If you are just getting started, a set such as that on the left would be a good set to go with. You might want to also buy a few individual 2-flute mills just to compare the difference.

Shank Size

The shank is the smooth portion of the mill shaft above (or between, in the case of a double-ended mill) the cutting edges. Mills of different diameters within a range have common shank sizes but shank sizes vary among larger and smaller mills.   For example, a 5/16" and a 3/8" mill both have a 3/8" diameter shank, while 1/2" and 7/16" mills have a 1/2" shank. This is important to know, since you will need the appropriate sized collet or end mill adaptor to match the shank size of the mill.  The mini-mill comes with 3/8" and 1/2" collets, but you will eventually need 5/8" and 3/4" collets and/or end mill adaptors to hold mills larger than 1/2".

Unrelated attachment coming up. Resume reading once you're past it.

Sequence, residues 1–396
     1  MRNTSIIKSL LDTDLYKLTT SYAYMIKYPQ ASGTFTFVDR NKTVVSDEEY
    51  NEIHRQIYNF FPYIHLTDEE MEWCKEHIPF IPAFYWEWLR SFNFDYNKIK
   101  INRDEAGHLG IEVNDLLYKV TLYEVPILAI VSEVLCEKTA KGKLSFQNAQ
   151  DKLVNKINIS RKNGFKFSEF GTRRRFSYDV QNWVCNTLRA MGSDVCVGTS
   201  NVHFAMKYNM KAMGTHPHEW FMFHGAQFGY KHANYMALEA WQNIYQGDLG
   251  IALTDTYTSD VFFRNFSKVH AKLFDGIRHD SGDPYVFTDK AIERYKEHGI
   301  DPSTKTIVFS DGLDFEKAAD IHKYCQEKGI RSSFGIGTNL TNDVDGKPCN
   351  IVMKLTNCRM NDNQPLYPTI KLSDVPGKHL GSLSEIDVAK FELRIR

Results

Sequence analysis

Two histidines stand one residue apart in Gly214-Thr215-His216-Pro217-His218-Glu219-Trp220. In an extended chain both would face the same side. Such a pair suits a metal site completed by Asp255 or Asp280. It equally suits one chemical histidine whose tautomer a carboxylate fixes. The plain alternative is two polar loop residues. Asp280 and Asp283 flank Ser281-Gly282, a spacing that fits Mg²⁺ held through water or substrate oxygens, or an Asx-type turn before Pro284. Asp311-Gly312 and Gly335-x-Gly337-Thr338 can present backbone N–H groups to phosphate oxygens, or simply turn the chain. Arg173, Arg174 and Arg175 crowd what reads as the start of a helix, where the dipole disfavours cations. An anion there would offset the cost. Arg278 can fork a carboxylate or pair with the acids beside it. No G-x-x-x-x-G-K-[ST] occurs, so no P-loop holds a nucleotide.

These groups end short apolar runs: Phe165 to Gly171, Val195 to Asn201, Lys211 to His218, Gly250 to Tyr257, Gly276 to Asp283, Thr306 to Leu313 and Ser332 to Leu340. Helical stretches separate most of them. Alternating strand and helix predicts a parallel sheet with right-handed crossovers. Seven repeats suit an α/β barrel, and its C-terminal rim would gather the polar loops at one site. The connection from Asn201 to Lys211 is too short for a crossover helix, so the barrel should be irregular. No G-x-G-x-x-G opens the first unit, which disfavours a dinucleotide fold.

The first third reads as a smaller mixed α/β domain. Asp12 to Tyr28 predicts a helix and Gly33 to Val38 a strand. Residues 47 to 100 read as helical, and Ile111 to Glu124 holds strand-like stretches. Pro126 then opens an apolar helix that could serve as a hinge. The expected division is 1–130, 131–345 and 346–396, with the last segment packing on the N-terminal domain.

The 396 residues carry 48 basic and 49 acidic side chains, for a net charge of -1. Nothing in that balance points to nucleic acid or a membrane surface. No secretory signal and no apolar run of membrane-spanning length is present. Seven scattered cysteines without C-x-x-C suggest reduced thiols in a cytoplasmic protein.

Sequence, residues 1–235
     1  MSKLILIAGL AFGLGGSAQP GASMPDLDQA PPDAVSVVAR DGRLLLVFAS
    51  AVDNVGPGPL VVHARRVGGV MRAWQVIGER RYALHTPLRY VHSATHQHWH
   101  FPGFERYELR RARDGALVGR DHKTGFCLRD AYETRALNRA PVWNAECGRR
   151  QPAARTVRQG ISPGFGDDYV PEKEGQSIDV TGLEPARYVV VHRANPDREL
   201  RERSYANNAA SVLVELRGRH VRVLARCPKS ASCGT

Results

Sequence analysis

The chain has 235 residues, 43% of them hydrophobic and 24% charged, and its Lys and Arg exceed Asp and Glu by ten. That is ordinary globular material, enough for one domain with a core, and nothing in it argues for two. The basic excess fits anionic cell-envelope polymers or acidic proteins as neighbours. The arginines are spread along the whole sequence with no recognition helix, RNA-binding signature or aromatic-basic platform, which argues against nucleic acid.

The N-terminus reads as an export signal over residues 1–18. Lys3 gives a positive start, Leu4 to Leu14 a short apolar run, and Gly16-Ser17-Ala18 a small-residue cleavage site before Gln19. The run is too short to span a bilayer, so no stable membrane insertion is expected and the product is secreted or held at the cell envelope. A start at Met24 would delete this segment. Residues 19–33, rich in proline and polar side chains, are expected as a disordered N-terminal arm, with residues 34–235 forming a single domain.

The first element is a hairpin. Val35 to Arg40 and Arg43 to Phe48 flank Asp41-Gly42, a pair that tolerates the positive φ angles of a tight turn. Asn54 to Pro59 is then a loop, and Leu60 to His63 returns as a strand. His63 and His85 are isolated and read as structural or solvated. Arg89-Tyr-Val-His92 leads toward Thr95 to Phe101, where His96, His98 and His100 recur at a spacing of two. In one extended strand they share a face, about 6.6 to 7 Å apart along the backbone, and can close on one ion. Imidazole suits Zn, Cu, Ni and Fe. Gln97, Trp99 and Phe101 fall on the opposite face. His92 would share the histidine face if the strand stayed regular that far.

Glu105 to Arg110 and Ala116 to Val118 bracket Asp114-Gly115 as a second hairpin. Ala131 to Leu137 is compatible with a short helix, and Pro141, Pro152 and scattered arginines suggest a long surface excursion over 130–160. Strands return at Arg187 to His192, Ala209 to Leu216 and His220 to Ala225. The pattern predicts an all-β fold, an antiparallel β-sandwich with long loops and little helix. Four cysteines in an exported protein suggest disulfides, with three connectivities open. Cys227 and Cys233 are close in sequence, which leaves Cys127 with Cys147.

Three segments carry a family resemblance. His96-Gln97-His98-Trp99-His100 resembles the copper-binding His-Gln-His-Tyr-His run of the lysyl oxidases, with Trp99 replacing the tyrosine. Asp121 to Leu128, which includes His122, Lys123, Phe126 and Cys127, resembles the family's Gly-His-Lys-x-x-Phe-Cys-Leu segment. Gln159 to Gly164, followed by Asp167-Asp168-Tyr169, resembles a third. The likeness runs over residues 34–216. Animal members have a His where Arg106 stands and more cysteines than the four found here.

2-Flute Versus 4-Flute

2-Flute mills are generally used for cutting slots or grooves, while 4-flute mills are more often used for surface milling, using the end of the mill.  In practice, I have found that 4-flute mills will do most of what of a 2-flute mill can do, but not vice-versa.  But each type is best for certain operations.

Here are some interesting comments from the 7x group (1/21/04)

What is the difference between 4 flute and 2 flute end mills? Is  one better for Aluminum?